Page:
When ‘science’ is a dirty word

Nov
14
2013
by
Lynne McTaggart
/
0
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One of the most misused terms being hurled at us as a rebuttal to What Doctors Don’t Tell You is the term ‘science’.

We have been accused of being unscientific, of pedaling unproven and harmful alternatives, as opposed to the real thing, true ‘scientific’ medicine.

There are three points to be made here, adding up to one indisputable truth: there is nothing remotely scientific about conventional medicine.

One of the most misused terms being hurled at us as a rebuttal to What Doctors Don’t Tell You is the term ‘science’.

We have been accused of being unscientific, of pedaling unproven and harmful alternatives, as opposed to the real thing, true ‘scientific’ medicine.

There are three points to be made here, adding up to one indisputable truth: there is nothing remotely scientific about conventional medicine.

 

  1. 1.Most of the science behind standard treatments is fiction. As leading members of the medical establishment have made clear in recent books, the so-called ‘proof’ of most so-called ‘proven remedies’ is data that has been invented or manipulated by drug company marketing teams.
  1. 2.Most treatments haven’t been proven to work. The British Medical Journal has concluded that only about 12 per cent of all medical treatments have adequate evidence demonstrating that they work.
  1. 3.Most treatments cause harm. Modern medicine is the third leading cause of death in the western world. Fact. Prescribed drugs and medical error kills 204,000 people every year in America alone, with only cancer and heart disease claiming more

Your greatest risks

According to data assembled by the Alliance for Natural Health, which examined the statistics of all the most and least likely things that could kill you, the greatest risk of death any of us face is going to the hospital.  If you add the risk of reactions to correctly prescribed drugs, any interaction with modern medicine has to be the greatest risk to your life and limb.

Let’s look at so-called ‘unscientific’ natural health care, which supposedly causes so much harm. The risk of dying from taking any herbal remedy or food supplement is around 0.01 per one million people. In other words, 100 million people would have to take a supplement or herb before there is a risk of one person dying because of it.

Compare that to the risk of pharmaceutical drugs, which kill 1000 people for every million people taking them.

So that risk is: 0.01/1 million for natural substances vs 1000/1 million for drugs.  In other words, the risk of lethal harm from modern medicine is 100,000 higher than that of herbal or nutritional medicine.

This beggars the basic question: which form of medicine is the least scientific?

Biochemical individuals

There’s a good reason why medicine is not a science. Drugs constitute a one-size-fits-all model, whereas every human being is unique. Drugs that work on me may not work on you and vice versa; most drugs can’t be made smart enough to, say, slot only tab A into slot B without affecting slot C, D and E, because humans are holistic.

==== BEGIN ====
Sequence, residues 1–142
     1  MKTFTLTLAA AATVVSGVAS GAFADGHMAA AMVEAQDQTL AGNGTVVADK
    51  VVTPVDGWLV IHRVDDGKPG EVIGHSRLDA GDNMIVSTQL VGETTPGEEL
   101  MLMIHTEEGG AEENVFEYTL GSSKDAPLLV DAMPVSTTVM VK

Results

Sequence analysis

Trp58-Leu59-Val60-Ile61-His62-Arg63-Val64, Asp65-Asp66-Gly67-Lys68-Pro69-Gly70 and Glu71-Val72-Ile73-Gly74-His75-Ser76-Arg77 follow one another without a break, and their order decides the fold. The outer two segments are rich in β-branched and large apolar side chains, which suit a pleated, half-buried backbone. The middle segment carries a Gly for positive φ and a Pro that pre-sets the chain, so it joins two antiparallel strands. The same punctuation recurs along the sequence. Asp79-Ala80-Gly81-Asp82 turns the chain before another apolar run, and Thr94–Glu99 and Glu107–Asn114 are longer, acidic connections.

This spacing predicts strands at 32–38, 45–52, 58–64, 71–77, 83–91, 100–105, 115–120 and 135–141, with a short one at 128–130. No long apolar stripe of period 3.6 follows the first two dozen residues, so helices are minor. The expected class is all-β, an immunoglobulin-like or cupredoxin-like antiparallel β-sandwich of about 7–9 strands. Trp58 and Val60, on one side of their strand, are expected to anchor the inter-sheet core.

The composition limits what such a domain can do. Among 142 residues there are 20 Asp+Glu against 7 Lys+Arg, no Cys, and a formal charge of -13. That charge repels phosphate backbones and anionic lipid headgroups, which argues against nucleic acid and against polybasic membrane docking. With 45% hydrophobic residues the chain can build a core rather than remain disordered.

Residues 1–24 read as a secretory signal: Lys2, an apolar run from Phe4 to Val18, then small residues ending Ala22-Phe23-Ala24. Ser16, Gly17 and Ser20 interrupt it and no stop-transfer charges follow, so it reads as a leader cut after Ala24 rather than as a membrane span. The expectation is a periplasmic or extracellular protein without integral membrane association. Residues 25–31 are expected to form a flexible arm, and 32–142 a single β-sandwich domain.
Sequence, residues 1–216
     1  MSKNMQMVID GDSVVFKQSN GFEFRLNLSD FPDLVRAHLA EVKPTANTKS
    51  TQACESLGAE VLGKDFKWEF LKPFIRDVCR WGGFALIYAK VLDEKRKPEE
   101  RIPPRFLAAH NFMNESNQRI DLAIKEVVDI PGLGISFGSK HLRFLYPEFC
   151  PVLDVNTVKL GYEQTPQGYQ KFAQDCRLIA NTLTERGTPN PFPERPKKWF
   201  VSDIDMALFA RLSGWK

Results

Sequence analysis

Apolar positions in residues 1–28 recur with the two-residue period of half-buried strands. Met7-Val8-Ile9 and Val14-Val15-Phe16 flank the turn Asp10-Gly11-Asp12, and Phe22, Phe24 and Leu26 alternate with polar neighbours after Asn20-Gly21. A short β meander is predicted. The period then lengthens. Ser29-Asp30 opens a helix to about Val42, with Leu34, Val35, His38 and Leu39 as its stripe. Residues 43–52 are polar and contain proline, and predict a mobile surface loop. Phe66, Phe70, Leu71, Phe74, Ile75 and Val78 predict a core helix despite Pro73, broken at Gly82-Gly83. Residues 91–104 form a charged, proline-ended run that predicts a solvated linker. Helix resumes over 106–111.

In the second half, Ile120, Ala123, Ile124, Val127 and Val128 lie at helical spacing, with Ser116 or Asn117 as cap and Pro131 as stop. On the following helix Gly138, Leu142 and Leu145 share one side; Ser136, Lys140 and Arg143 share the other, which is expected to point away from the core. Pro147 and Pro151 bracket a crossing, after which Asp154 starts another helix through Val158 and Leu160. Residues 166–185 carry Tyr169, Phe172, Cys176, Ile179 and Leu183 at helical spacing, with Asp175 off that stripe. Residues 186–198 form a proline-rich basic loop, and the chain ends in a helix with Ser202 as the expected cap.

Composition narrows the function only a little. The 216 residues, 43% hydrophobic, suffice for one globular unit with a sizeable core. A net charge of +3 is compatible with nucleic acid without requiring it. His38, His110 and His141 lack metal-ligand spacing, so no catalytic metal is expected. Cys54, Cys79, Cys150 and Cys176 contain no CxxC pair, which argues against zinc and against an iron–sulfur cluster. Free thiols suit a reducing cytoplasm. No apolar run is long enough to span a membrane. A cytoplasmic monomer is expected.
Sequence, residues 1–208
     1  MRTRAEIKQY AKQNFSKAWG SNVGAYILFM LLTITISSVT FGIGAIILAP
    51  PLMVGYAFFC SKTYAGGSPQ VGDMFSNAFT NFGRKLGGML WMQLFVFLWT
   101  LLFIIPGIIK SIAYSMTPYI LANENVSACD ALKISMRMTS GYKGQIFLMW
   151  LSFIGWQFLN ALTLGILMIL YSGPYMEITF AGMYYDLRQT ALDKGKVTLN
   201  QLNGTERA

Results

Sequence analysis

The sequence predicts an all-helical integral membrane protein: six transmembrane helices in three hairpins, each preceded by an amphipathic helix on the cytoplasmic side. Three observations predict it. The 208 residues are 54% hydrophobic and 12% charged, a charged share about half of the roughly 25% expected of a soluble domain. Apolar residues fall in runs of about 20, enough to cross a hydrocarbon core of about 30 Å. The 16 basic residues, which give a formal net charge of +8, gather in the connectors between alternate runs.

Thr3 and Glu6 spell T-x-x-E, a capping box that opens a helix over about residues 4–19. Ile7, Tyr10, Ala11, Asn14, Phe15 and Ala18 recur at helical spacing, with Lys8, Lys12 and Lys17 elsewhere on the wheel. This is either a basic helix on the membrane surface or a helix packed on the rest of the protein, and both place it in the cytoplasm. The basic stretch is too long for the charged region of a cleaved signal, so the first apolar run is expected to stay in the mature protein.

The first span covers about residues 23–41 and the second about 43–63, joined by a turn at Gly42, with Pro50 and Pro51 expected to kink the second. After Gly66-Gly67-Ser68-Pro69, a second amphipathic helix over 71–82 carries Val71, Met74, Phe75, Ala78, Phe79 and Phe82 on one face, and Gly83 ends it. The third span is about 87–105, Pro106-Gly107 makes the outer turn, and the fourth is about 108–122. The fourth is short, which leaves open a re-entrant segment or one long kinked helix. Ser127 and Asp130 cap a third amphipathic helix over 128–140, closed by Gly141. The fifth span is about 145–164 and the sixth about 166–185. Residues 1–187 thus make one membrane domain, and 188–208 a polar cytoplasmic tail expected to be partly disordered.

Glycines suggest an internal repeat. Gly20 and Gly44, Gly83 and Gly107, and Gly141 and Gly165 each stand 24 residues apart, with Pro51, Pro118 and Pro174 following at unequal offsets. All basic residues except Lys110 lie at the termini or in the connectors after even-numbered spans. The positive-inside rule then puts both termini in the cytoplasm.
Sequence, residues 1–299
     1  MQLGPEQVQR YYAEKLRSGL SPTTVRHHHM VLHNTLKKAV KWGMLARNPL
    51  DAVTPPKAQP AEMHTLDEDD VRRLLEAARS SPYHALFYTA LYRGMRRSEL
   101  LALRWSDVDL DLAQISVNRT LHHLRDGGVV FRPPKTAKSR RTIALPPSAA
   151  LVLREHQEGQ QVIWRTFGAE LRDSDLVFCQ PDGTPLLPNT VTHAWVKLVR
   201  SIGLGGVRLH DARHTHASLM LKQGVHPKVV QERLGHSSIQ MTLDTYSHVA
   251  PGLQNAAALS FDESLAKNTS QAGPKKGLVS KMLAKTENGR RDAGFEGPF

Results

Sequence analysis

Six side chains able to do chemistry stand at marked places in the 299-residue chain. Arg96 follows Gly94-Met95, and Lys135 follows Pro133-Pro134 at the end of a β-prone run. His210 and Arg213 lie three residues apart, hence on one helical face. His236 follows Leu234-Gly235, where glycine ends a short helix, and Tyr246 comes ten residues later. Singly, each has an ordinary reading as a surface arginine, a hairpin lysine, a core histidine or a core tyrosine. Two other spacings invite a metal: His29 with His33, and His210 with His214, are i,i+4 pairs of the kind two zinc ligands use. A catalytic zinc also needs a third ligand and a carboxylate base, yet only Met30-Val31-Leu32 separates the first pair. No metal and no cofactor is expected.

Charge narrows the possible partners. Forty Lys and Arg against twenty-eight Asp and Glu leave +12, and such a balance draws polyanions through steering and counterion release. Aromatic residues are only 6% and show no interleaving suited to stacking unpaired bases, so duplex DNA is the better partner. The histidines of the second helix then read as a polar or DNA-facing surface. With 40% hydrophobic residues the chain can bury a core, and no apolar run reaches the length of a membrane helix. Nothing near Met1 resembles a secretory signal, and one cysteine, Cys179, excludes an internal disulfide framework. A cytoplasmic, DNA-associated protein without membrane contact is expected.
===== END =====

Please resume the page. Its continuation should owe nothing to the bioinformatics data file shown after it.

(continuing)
Biochemical individuality creates mayhem with drug trials, which are designed to look for common results in everyone—one reason their results are so often manipulated, massaged or even made up. As the new medical explorers are discovering, the systems of the body interact as a complex, dynamic and highly individualistic whole.

It’s important here to make a distinction between science—the open-minded pursuit of truth without fear or favour—and scientism, a solidified set of beliefs around which academics, industries and professions are framed.

The resistance we’ve experienced has more to do with the latter. This seems clear from the way the scientism of medicine greets any discovery, breakthrough or possibility that questions or threatens the current medical paradigm—by dismissing such ideas out of hand as ‘quackery’, even when they are the work of eminent scientists at prestigious institutions such as Oxford, Harvard and Cambridge.

True science is heresy

We tend to regard science as presenting some sort of static truth, but science is an ever evolving story, told in instalments. New chapters refine—and usually supplant—chapters that have come before.

Every last advancement in science and healthcare begins as heresy, each important new discovery negating the prevailing views of the day.

What if stones fall from the sky?  What if there is no end of the earth to sail off? True science always begins by asking outrageous questions or pursuing unpopular notions, even if the answer threatens to overturn every last one of our cherished beliefs.

True science seeks to drive a stake into science, particularly scientism.

Nevertheless, mainstream science, particularly mainstream medicine, has grown ever more fundamentalist, dominated by a few highly vocal people who believe that our scientific story has largely been written and that the job of science is simply to confirm it. 

Thankfully, an enormous body of resistance carries on in defiance of this restricted—highly unscientific—view. May they and all the true scientists like them continue to light our way.

Lynne McTaggart

Lynne McTaggart is an award-winning journalist and the author of seven books, including the worldwide international bestsellers The Power of Eight, The Field, The Intention Experiment and The Bond, all considered seminal books of the New Science and now translated into some 30 languages.

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